I have admitted what a hoax we perpetrated. But it actually spoils or desecrates a fair condemnation of what is already a bad enough set of misstatements, very poor intelligence analysis, and–I am increasingly convinced, outright lies–to take the matter to absurdity with one man, in this case Powell.
To see my point dramatically, one must realize that whether Powell had given his presentation or not, the President would have gone to war with Iraq. That doesn’t relieve Powell or me or any of us who participated in preparing Powell of responsibility; it simply places the bulk of that responsibility squarely where it should rest.
You, Ray McGovern, and I will never reach accord on this I’m certain; but I must say that just as I may have biases from my long association with Powell, I believe both of you should examine your biases with regard to the man. Just as it was very difficult for me to face the fact I had participated in a hoax, it probably is just as difficult that you two admit you may be too aggressively critical of Powell. Both our conditions are recognizably human and yours more forgiveable than mine to be sure. lw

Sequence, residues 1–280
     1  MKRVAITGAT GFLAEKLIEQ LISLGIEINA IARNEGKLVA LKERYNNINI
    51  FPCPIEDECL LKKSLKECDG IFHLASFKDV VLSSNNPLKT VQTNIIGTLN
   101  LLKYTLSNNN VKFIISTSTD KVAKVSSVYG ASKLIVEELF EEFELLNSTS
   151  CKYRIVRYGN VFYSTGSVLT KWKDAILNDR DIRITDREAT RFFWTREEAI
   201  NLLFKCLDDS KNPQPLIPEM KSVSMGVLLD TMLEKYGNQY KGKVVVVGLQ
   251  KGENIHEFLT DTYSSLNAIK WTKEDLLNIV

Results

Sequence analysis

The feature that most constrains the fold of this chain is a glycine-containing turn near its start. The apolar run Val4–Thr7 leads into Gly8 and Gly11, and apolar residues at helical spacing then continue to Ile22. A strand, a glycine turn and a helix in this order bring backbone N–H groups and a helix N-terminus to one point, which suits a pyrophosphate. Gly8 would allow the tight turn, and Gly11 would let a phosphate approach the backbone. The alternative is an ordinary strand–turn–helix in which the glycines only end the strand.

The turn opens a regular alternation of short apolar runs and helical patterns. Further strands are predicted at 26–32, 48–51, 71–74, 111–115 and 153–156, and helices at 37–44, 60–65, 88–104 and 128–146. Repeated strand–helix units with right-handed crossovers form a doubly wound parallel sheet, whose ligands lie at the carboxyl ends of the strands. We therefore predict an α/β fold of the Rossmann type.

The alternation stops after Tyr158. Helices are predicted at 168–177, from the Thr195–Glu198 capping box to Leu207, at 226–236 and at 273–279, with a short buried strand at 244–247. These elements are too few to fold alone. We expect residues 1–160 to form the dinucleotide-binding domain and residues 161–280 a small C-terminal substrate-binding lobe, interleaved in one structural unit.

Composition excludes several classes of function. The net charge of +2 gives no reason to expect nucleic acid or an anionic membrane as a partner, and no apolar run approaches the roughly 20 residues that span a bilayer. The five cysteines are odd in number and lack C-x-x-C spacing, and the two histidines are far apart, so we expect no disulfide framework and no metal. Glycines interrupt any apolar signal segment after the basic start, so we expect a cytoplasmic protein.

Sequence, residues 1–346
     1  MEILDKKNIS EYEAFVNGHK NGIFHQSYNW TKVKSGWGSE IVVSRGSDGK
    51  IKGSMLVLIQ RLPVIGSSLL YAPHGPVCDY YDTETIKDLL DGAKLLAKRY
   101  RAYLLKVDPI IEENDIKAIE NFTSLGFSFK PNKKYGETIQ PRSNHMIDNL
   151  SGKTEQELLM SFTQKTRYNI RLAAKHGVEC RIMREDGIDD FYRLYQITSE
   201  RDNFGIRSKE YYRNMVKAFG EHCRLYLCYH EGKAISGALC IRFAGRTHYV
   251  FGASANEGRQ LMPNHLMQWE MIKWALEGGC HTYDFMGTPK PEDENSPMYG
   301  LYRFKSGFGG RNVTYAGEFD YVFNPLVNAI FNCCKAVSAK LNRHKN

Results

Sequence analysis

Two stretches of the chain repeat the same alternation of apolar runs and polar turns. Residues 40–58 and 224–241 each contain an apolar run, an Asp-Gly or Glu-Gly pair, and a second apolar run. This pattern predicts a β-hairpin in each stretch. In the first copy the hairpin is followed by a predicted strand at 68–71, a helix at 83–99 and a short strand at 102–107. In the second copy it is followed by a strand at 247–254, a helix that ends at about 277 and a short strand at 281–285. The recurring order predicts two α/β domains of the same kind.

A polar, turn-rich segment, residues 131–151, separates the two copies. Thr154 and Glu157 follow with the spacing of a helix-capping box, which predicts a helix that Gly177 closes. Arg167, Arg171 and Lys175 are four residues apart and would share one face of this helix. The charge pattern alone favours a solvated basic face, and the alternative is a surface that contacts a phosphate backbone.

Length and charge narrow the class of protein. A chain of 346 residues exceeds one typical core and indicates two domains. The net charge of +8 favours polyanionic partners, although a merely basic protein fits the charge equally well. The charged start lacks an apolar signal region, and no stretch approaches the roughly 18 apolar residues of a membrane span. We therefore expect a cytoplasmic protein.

Here’s my reply:
Thanks for this response.
I’m CCing Brad Blog which posted my commentary and might want to post your reply.
Here’s my reply to your reply (also available to publish) :-)Whether or not anyone told Powell of Curveball’s reputation, Powell’s own staff, the INR, told him the claims were weak, the claims that came from Curveball and from numerous other sources. The INR told him the claims were weak and questionable and even implausible.
Powell used fabricated dialogue. He used evidence from a source who had admitted all the weapons had been destroyed years ago, but failed to mention that bit. Again, here is the catalog of bogus claims: http://www.consortiumnews.com/2011/021811a.html